"Today, we had a meeting to discuss the crisis caused by Boko Haram in Geidam and its implications in Bauchi. Bauchi State is sharing border in four local government areas, namely Zaki, Dambam, Gamawa and Darazo. The implication of what happened in Geidam is that there is a lot of influx people moving into Bauchi from Yobe.
"Of course, that is putting a lot of strain on our facilities and considering the kind of movement from the outcome of Boko Haram activity, the security implication is also very high. The meeting today was to examine the implication of that (Boko Haram activity in Geidam), and plan for how to contain it from the Bauchi side.
"Therefore, the government held a meeting with the Commissioner of Police, Director Department of State Service, Commandant of Civil Defence, Brigade Commander and the Head of Air Force in Bauchi.
"They all assured to give maximum cooperation in our attempt to have a joint patrol. Of course, security is the responsibility of all of us. We do not expect that the security agencies alone will do the work, so all hands will be on deck, including our traditional institution and religious groups," he said.
Following the attack in Bauchi State, the Jigawa State Government on Tuesday urged residents of the state to be vigilant, following reports of suspicious movement of Boko Haram insurgents in the neighboring state.
Following the reports, the Jigawa governor, Mr Badaru held a meeting with traditional rulers, local government chairpersons and security agents where he urged residents to report any suspicious movement.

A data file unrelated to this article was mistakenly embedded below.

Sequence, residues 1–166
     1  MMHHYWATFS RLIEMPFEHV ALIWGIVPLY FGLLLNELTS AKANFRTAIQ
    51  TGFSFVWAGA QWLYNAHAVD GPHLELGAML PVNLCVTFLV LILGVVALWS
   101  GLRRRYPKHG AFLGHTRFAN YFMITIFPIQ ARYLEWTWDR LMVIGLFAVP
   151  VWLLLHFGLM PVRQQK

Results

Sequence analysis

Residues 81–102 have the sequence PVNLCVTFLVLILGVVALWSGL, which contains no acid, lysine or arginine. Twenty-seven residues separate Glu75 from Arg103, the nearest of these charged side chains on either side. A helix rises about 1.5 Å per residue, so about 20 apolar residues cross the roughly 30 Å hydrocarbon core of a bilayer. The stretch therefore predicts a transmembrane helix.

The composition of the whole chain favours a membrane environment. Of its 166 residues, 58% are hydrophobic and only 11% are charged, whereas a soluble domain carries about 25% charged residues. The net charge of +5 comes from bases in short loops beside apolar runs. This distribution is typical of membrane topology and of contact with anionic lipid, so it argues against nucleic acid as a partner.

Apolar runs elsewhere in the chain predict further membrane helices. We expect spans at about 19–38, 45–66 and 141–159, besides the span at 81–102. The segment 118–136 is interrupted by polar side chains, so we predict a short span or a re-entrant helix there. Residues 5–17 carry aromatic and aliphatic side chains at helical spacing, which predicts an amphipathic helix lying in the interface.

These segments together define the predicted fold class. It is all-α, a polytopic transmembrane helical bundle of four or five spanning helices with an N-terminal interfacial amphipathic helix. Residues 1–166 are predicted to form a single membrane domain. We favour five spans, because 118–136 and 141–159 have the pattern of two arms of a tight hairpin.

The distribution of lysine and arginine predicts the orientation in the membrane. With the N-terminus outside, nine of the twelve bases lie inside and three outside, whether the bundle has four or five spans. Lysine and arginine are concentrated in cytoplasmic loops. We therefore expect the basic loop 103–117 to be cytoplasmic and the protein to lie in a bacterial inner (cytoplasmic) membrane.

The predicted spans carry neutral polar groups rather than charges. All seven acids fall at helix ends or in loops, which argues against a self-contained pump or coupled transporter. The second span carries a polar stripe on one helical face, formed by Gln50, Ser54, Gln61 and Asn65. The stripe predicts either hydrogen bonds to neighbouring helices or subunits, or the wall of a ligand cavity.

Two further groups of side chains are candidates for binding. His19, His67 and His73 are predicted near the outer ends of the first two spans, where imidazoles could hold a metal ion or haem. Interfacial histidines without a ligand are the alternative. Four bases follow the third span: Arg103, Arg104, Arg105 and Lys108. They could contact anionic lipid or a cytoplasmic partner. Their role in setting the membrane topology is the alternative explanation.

"The meeting was about the security issue around the country. We believe everybody has to gear up and be vigilant and pray for God's intervention to keep the country and Jigawa safe," Mr Badaru said.
Also, the state's police commissioner, Usman Gomna, told journalists that the police received an intelligence report of alleged movement of suspected Boko Haram members around Gwaram, a local government in Jigawa.
The official, however, said the police are following up on the report "and for now the reports are positive."
"People are reporting the issues thinking that it will spill over to Jigawa," Mr Gomna said, assuring residents that the police were following up on the reports.
Jigawa shares boundaries with Yobe, Bauchi, and Kano.
However, one of the suspected strongholds of Boko Haram insurgents outside Sambisa forest is the Balmo forest, which straddles Bauchi and Jigawa states.
The insurgents are believed to be using the forest to coordinate their operations in Bauchi and Kano states.
The Nigerian Army on Sunday evening announced the arrest of 13 Boko Haram suspects in the Hotoro area of Kano State, North-west Nigeria.
The army spokesperson, Mohammed Yerima, who made the disclosure stated that the suspects were arrested by troops of the 3 brigade in Kano.
Kano shares boundaries with Jigawa and Bauchi states that have raised concerns on the activities and presence of Boko Haram in their territories.
"In an ongoing effort to flush out all forms of criminality within its Area of Responsibility, troops of 3 Brigade Nigerian Army have arrested 13 suspected Boko Haram terrorists around Filin Lazio, Hotoro axis of Kano State on Saturday 8 May.
"The ongoing operations is predicated on the need to apprehend criminals who may want to hibernate in any part of Kano State.
"The general public especially residents of Filin Lazio Hotoro, are enjoined to go about their lawful businesses as security forces are on top of the situation," the Army said.